Truth be told, says Sarah Germani, there was a not-so-distant time ago when she would have never dreamed of showing her artwork in public.
She was more likely to hide her paintings at home, than to ever let them see the light of day, recalls the 2015 graduate of RutgersCamden
with a bachelors degree in art.
I guess I lacked the confidence to feel like they were ever done to my satisfaction, says the Edgewater Park resident. I could never leave them alone there was always something that I wanted to change or improve.
Nonetheless, the only thing to change over the past year was Germanis ability to spread her wings much like the butterflies that now adorn the colorful, lighthearted mural that she painted for the Camden Childrens Garden.
The 54-by-4-foot piece painted on parachute cloth, and featuring whimsical images of plants, houses, dinosaurs, and choo-choo trains will now grace a concrete wall at the four-acre park, dedicated to providing horticultural experiences for creative and imaginative play, on the Camden waterfront.
While showcasing Sarahs amazing work, the mural is a testament to an extraordinary collaboration between the RutgersCamden Center for the Arts, RutgersCamdens theater and art programs, and the Camden Childrens Garden, says Jim Mobley, technical director and resident designer for RutgersCamdens theater program.
As Mobley explains, the project all began when Germani asked her professor, Margery Amdur, a successful artist known for her inspired, mixed-media constructions, if she could take three studio courses in order to satisfy academic requirements toward her bachelors degree. Knowing that the workload was unrealistic for any student, Amdur suggested that Germani work with him on a more expansive project that would allow her painting to shine.
Mobley had just the right project in mind. He approached Carmen Pendleton, community and artist programs manager for the RutgersCamden Center for the Arts, and discussed the idea of Germani creating an inner-city mural, like similar engaging works of art created with the centers assistance that now ornament the Camden landscape.
After looking at Germani's artistic style, Pendleton consulted with the coordinator for the Camden Childrens Garden and determined that an outdoor wall at the park would be the perfect fit for her work. However, in the midst of a frigid winter, Pendleton suggested that Germani create the mural indoors on parachute cloth, which would later be adhered to the wall a technique pioneered by the City of Philadelphia Mural Arts Program.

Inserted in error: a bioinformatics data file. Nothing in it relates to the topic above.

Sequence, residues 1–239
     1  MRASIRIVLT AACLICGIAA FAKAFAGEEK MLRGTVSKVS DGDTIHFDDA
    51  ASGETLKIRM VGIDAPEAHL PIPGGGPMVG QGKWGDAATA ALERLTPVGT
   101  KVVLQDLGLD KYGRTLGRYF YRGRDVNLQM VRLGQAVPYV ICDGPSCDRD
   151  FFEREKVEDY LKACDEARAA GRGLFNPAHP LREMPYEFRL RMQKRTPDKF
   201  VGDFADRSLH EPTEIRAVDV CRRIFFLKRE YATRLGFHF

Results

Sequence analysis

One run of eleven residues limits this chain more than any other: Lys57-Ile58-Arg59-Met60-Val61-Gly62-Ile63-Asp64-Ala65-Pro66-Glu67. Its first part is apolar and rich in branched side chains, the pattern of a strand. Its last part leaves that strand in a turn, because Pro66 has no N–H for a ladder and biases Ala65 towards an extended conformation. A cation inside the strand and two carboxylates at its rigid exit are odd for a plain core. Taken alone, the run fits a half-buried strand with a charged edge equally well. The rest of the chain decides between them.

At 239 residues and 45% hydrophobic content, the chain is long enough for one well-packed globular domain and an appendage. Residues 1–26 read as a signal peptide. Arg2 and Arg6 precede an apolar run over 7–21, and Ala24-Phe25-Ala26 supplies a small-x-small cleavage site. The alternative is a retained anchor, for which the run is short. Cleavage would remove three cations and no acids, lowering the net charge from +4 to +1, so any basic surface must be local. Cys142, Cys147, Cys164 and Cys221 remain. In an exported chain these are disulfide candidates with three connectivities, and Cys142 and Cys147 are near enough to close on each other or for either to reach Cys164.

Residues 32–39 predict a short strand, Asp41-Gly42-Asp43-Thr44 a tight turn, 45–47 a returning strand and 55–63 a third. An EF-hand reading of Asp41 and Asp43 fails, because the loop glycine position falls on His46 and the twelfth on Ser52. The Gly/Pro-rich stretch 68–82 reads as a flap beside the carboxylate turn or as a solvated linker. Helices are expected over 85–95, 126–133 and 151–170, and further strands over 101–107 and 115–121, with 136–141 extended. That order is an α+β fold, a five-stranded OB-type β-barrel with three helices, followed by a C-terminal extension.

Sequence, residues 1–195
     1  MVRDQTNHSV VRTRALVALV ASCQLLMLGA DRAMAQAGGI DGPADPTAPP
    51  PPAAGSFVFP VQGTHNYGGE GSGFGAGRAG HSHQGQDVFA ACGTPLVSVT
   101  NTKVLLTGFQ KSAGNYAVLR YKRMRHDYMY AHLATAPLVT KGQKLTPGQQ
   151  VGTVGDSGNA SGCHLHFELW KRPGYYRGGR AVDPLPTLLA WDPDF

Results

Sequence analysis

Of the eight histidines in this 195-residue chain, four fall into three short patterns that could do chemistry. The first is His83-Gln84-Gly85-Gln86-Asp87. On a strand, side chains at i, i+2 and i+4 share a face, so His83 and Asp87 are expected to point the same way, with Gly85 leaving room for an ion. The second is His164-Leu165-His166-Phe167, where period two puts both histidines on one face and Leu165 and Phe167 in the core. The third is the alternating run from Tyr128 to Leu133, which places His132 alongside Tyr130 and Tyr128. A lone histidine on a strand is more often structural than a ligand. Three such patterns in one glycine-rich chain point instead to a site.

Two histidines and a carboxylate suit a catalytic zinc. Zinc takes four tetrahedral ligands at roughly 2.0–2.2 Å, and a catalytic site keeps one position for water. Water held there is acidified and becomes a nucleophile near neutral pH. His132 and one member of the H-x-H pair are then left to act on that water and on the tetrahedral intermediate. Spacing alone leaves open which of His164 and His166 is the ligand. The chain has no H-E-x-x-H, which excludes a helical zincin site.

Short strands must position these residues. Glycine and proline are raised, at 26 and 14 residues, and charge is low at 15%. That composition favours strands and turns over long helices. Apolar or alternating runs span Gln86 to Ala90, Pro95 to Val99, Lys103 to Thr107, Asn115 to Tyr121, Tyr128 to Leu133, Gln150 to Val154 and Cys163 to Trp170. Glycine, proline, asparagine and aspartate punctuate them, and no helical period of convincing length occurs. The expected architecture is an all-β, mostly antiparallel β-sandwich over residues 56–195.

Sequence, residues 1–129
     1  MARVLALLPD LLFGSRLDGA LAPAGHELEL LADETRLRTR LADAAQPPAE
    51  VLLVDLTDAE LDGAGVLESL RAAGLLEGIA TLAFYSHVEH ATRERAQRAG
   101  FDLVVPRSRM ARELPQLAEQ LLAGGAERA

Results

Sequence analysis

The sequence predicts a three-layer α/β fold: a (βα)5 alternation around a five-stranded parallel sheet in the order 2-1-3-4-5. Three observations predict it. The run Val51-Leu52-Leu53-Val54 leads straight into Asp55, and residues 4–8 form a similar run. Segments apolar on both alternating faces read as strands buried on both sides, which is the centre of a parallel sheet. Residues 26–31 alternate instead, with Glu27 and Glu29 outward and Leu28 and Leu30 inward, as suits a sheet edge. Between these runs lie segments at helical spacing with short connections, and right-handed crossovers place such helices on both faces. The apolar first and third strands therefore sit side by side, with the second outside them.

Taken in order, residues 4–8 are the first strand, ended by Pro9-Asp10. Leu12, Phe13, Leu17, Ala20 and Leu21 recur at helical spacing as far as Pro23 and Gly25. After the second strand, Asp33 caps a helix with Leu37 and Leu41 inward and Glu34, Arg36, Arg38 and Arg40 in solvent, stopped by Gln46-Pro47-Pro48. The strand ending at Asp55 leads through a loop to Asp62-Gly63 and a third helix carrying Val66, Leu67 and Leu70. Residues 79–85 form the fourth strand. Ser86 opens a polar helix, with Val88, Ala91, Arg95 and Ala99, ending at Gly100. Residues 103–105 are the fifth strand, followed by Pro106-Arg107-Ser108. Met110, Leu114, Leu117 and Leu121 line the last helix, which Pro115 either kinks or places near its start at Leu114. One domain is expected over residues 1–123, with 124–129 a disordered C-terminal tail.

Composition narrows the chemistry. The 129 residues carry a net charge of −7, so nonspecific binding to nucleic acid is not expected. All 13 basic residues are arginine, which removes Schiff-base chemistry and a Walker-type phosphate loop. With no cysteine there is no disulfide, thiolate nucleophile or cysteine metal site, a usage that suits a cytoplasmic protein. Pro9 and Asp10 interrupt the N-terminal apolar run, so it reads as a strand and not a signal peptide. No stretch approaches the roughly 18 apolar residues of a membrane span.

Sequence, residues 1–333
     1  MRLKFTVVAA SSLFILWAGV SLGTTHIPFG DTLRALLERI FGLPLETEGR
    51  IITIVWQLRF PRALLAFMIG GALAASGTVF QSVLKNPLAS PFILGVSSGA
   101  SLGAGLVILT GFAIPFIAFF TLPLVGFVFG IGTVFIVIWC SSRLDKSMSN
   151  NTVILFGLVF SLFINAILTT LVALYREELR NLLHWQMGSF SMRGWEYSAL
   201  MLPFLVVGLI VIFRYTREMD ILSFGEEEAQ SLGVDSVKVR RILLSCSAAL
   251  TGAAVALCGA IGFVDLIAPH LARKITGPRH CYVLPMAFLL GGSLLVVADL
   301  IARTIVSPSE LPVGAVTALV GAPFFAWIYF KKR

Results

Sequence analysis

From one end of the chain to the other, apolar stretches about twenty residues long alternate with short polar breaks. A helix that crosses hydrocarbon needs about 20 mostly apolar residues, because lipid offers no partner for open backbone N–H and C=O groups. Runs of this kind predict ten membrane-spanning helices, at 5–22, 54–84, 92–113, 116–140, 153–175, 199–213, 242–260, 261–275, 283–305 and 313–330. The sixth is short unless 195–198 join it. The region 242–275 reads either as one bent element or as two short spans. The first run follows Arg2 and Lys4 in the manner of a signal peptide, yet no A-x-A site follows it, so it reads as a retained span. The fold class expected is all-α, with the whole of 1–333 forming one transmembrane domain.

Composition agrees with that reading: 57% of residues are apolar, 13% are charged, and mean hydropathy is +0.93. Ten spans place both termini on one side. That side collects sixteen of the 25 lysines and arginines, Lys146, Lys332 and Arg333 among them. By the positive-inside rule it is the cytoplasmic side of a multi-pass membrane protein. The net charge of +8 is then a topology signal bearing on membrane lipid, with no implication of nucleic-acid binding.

So Germani set up shop behind the Black Box Theater stage, inside the Fine Arts Complex on the RutgersCamden campus, and began the months-long process of crafting her piece.
Sarah had never worked on a project of this magnitude before, so I think that it was a little daunting at first, recalls Mobley. Nonetheless, after suggesting what images she could paint on the mural, she jumped right in.
Tirelessly mixing colors and painting three days a week, Germani ended up fulfilling the academic requirements for the studio courses in the spring and graduated in May but she was just getting started. She continued to work on the mural well into the summer, collaborating with Mobley and his son, James, who regularly stopped by to lend a helping hand.
With the bitter winter just a fading memory, Germani ended up completing the mural in early August. True to form, however, she still wasnt ready to call it a day.
I explained to her that an artist never truly completes an artwork to the fullest degree, but its time to share the amazing work that she has created with everyone, says Mobley. I am quite proud of what she has accomplished. Its truly been an incredibly positive experience for everyone involved.